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News from OAS:

Organisation of American States (OAS)

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OAS permanent council holds special meeting on stalled Haiti elections
Published on July 22, 2016Email To Friend    Print Version

Dr Elliston Rahming (right), Bahamas Ambassador and Permanent Representative to the Organization of American States (OAS) and Chair of the OAS Permanent Council, is pictured with Haiti’s Minister of Foreign Affairs Pierrot Delienne following the special meeting of the OAS Permanent Council on Wednesday, July 20

WASHINGTON, USA -- In response to a request from the government of Haiti, Dr Elliston Rahming, Bahamas ambassador and permanent representative to the Organization of American States (OAS) and chair of the OAS Permanent Council, convened a special meeting of the Permanent Council on Wednesday at the OAS headquarters.

Haiti requested the meeting so that its minister of foreign affairs Pierrot Delienne could provide the OAS with “a better understanding of the evolving political and electoral situation” in his country.

The request came in the wake of a statement on July 15 by OAS Secretary General Luis Almagro expressing deep concern over the demonstrated inability of Haitian parliamentarians to meet in the National Assembly to decide on how best to guarantee institutional stability and encourage the continuation of the electoral process.

“Given the importance of the challenges and the serious risks to the country’s stability, it is particularly troubling that the meeting of the National Assembly set for yesterday, July 14, was cancelled, once again, due to a failure to reach quorum,” Almagro said in his statement

“Haiti can no longer afford to be the hostage of dilatory tactics and other ploys,” the OAS secretary general added. “The situation is critical. It is time to make a decision that should have been made long ago. It is imperative for Haitian political stakeholders, including Parliamentarians and those provisionally governing the country, to fully assume their responsibilities towards the nation. The interests of the Haitian people must supersede partisan interests. Every effort should be made for the presidential, legislative and local elections to be held without delay and in a calm atmosphere.”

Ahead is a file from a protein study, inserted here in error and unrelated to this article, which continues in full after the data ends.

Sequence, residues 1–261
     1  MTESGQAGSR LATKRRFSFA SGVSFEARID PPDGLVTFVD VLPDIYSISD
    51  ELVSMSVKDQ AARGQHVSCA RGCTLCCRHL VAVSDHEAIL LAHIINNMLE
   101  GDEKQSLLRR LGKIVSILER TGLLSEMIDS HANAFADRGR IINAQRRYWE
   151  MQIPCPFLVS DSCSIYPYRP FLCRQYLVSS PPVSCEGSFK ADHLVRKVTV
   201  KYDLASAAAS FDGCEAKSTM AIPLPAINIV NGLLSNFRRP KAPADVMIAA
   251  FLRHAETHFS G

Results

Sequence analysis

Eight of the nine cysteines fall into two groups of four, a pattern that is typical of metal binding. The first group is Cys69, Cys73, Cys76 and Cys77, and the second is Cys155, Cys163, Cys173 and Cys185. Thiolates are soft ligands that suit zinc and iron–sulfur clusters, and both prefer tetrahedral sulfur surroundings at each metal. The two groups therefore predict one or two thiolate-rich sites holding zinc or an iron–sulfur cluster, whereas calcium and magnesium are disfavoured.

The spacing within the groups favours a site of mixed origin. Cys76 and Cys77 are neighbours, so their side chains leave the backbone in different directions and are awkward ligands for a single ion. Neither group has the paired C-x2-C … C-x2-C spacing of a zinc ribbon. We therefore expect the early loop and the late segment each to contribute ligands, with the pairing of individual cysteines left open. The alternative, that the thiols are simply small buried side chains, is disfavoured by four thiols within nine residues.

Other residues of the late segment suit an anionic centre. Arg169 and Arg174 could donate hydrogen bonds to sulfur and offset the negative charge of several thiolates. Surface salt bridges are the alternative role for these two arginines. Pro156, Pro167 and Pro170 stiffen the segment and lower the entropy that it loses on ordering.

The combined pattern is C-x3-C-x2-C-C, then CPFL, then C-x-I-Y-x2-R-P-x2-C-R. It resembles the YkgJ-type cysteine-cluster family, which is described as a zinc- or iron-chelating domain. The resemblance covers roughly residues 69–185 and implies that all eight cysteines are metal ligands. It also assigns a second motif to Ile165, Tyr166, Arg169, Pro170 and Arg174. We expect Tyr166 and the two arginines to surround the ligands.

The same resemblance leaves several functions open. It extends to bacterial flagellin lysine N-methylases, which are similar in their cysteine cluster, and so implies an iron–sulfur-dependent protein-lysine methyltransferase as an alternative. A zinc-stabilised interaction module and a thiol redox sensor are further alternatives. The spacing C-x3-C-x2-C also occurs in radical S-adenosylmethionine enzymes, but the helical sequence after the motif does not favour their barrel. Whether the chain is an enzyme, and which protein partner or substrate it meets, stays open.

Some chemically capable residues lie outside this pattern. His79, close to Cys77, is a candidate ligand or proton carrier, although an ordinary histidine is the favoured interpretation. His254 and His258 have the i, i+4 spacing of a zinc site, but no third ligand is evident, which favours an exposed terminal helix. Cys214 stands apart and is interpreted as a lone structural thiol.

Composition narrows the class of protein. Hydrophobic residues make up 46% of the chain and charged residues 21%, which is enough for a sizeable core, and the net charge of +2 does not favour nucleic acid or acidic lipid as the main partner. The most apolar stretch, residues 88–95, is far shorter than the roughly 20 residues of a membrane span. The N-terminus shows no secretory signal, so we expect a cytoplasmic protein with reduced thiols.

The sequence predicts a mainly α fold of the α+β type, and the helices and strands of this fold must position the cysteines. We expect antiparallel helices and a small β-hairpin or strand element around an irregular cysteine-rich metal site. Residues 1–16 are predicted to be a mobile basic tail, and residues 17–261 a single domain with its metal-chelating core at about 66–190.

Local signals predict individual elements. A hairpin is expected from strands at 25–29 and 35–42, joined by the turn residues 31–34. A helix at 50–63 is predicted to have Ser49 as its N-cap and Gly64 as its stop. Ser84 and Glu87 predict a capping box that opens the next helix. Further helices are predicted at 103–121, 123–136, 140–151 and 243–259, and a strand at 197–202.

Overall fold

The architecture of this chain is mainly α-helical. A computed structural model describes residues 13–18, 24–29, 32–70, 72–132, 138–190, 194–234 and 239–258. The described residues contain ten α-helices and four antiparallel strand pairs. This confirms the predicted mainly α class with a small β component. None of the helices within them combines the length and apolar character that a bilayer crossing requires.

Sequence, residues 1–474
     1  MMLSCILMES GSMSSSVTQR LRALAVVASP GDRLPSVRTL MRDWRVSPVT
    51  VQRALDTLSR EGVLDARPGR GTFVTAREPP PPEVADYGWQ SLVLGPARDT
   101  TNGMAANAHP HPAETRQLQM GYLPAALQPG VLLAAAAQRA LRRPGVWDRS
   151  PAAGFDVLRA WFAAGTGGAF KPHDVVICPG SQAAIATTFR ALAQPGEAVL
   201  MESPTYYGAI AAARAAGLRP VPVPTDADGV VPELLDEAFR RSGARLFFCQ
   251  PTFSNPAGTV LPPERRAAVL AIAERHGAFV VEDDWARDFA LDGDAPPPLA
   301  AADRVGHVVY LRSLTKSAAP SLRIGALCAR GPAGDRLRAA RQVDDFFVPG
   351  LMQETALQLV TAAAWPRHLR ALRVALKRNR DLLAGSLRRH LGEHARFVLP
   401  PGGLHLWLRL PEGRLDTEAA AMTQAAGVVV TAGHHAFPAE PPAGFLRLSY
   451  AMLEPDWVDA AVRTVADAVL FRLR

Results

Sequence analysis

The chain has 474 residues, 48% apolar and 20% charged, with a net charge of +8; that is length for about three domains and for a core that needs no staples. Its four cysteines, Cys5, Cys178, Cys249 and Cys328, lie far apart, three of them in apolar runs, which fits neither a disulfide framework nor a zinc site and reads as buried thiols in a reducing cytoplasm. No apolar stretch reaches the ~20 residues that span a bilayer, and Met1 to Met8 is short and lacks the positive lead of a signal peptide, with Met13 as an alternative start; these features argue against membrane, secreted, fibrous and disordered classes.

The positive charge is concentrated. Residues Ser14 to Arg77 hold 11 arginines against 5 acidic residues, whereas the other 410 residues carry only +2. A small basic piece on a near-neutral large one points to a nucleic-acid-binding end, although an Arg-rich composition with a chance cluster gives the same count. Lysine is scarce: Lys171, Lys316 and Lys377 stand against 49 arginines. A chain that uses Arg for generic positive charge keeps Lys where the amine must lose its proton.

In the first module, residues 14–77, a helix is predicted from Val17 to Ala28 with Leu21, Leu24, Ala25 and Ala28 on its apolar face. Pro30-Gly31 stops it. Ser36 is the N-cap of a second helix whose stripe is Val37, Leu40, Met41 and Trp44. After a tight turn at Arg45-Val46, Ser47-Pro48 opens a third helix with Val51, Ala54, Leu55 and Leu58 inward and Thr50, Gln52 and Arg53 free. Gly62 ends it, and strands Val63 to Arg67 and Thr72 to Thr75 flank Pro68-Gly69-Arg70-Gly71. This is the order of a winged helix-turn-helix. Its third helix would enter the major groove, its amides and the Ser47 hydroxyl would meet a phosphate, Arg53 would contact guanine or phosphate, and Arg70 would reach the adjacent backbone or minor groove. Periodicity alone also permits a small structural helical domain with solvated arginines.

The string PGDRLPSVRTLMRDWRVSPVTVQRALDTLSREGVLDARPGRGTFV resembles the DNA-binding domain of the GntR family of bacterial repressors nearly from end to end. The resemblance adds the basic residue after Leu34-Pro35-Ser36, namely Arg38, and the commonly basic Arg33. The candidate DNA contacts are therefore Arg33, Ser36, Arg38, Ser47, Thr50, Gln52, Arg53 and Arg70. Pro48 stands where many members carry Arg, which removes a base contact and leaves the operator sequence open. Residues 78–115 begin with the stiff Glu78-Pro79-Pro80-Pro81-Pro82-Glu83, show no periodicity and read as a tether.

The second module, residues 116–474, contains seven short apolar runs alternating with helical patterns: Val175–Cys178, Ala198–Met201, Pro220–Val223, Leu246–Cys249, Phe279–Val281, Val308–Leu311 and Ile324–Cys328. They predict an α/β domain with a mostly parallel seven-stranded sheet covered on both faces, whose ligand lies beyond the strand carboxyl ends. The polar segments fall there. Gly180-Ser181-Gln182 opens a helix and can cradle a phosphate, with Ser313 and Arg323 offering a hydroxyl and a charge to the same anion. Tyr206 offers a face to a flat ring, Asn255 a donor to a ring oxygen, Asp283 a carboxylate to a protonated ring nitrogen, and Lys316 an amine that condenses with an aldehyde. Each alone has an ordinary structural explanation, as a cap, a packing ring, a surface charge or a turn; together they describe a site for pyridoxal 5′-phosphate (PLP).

In his 17-plus minutes address at Wednesday’s special meeting, Delienne highlighted the “significant progress that has been made” and the “tangible results” that have been achieved, noting that the process for an election is now solidly on track.

Among other things, he revealed that there are 27 presidential candidates representing all the major parties and an election date has been set for October 9, 2016, with a second round of voting set for January 8, 2017, if necessary. He said the Electoral Council “is doing all it can to stick to the timetable.”

Ambassadors and permanent representatives to the OAS from the various member states took turn welcoming the Haitian foreign minister and expressing support for the democratic process in Haiti.

With Rahming, Dr Eugene Newry, Bahamas ambassador to the United States and alternate permanent representative to the OAS, spoke on behalf of The Bahamas.

Newry thanked Delienne “for his explanation, clarification and announcement concerning the projected elections later this year.”

He noted that The Bahamas, for its size, is the country in the world with the largest percent of its population of Haiti origin, some 20 percent, adding that “some of our most distinguished citizens are of Haitian origin.”

“We Bahamians have daily commerce with our neighbor,” Newry said. “One must pose the question as to the root causes of the political instability. Among the principal of these is Haiti being economically the country with the greatest amount of natural resources of any country in the region and therein lies, in part, it being manipulated, resulting in political instability.”

It is in the region’s interests, Newry said, that the “Organization of American States use all of its instances and agencies to come to the aid of our sister Caribbean country and founding member state. The Bahamas associates itself with these goals.”

Sir Ronald Sanders, Antigua and Barbuda ambassador to the United States and permanent representative to the OAS, also welcomed the Haitian foreign minister and said he was pleased to hear from Delienne that the process for elections is now solidly on track.

Sanders, who led a special OAS mission to Haiti in February, called on all the members of the National Assembly to assume their responsibilities and duties to the people of Haiti by holding a meeting swiftly either to extend the term of the current interim president or by electing a new interim president.

“The present impasse is unacceptable,” he added.
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